Student Isabela Toccheton attended the EducationUSA Academy at Syracuse University. (Courtesy photo)

Brazilian student Isabela Toccheton says four weeks at Syracuse University in New York boosted her English skills “to another level.” She applied for undergraduate study at Syracuse.

Just like Toccheton, secondary school students from around the world now can sample U.S. college life though the EducationUSA Academy, a partnership between academic institutions, a nonprofit organization and the U.S. Department of State.

The academy helps aspiring college students boost English-language skills, shows them different U.S. colleges and universities, and exposes them to new cultural experiences.

In 2015 the first groups of students attended the academy’s summer programs at Syracuse and the University of Colorado, Boulder.

Ecuadorian participant Cinthya Alvarado (right) likes the way U.S. professors teach. “They are open-minded. They try to teach you more than what is expected,” she said. (Courtesy photo)

“I can’t say enough positive things about the program,” says Patricia Juza, director of the International English Center at the University of Colorado. “These students were incredibly motivated and intelligent. They made such good use of the time here.”

Danae Hernández Ortiz, from Mexico, attended the Colorado program and called it “an amazing opportunity. … It helps you become more self-confident and know what you want to do.” Ortiz especially valued meeting people from all over the world.

Danae Ortiz, second from front, stays in touch with the friends she made in Colorado. (Courtesy photo)

Mario Carrillo, also at the Colorado program, added, “This experience helped me to know and understand more about the U.S. culture — how the lifestyle is, how an American university is and also how to apply.”

Safety first

The colleges have strict policies to ensure students’ safety and well-being. Academy students are guided by carefully vetted chaperones, all over the age of 21, who keep close tabs on students’ whereabouts. Academy students stay in a dormitory separate from college-age students.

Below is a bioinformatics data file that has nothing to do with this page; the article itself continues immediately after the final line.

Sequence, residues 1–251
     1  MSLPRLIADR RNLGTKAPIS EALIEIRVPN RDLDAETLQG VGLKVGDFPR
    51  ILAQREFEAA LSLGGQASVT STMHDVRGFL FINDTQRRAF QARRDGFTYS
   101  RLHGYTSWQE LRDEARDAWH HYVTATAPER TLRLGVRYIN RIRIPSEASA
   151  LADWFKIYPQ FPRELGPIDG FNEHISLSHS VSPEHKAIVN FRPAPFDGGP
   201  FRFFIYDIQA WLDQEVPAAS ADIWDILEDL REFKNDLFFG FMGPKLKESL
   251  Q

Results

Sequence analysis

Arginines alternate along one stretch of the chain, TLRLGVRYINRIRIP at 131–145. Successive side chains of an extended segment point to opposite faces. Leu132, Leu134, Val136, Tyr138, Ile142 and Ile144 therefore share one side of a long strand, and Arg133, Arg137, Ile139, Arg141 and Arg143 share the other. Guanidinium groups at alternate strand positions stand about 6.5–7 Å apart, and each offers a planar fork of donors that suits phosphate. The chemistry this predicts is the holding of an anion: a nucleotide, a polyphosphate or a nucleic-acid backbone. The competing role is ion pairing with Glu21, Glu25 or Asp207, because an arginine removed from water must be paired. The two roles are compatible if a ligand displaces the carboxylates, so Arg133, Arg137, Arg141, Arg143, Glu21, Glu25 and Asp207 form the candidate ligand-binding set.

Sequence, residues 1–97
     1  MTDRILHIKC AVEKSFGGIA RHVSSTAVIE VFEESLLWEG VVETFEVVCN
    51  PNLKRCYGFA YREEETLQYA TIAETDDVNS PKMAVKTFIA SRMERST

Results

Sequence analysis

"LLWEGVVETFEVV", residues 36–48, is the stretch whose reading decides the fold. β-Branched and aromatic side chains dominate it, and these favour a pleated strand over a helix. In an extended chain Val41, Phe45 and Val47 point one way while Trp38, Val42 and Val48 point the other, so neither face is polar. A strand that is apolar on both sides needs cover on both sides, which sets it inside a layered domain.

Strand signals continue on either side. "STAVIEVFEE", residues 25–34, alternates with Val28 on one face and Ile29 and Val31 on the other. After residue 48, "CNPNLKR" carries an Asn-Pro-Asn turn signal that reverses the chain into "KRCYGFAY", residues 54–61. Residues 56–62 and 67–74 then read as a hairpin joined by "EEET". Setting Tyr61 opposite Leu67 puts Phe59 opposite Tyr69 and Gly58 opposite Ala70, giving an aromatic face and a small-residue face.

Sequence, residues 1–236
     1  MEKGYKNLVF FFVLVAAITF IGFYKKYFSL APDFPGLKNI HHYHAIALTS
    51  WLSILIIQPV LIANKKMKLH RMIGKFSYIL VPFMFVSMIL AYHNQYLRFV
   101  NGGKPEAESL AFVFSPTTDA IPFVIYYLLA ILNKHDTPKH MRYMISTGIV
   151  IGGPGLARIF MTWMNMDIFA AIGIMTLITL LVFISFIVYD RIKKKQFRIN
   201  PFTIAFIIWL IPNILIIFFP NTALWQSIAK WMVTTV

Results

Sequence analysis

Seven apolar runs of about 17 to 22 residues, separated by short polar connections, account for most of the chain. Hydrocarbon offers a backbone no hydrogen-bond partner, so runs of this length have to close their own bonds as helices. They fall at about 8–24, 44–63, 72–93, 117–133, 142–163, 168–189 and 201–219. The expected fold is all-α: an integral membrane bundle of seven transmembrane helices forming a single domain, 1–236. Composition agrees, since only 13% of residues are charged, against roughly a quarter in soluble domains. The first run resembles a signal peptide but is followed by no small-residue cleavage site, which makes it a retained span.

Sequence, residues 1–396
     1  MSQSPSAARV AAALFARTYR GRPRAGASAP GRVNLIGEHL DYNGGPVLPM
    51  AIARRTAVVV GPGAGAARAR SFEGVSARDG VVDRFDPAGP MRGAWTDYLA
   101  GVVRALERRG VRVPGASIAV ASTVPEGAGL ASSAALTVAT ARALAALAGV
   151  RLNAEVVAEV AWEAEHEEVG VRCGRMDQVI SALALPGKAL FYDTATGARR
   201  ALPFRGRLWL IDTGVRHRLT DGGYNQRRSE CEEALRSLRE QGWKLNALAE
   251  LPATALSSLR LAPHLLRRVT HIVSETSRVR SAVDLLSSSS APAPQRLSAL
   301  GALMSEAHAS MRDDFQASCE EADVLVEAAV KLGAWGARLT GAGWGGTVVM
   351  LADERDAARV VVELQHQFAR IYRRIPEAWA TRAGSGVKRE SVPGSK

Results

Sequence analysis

What goes on

Academic experience is the centerpiece. Students discover that U.S. college professors actively engage with students in class discussions and are available to answer questions during office hours.

“The best part of the program is the way my English skills improved in just a few weeks,” Mario Carrillo said. (Courtesy photo)

After his academy experience, Carrillo numbered the United States among the best places to study “because the universities have all kinds of tools the students need” to help them learn.

It’s not all intensive English and college-prep classes. Academy students explore interests in science, the dramatic arts or any of the many subjects and activities taught in U.S. universities. Visits to other universities afford them a sense of the many opportunities.

But much of the learning happens outside the classroom. There’s football, volleyball and other fun pastimes with American peers. American conversation partners of their own age help sharpen participants’ English skills, and visits with local families help them better understand American culture.

Who is eligible?

Students 15 to 17 years of age must be enrolled in or recently graduated from secondary school; be non-native, intermediate-level English speakers; and not reside in the United States. They must cover university fees and airfare.

Openings are limited, depending on the college, but after last years’ successes at Syracuse and Colorado, eight more institutions have joined. Now is the time to apply!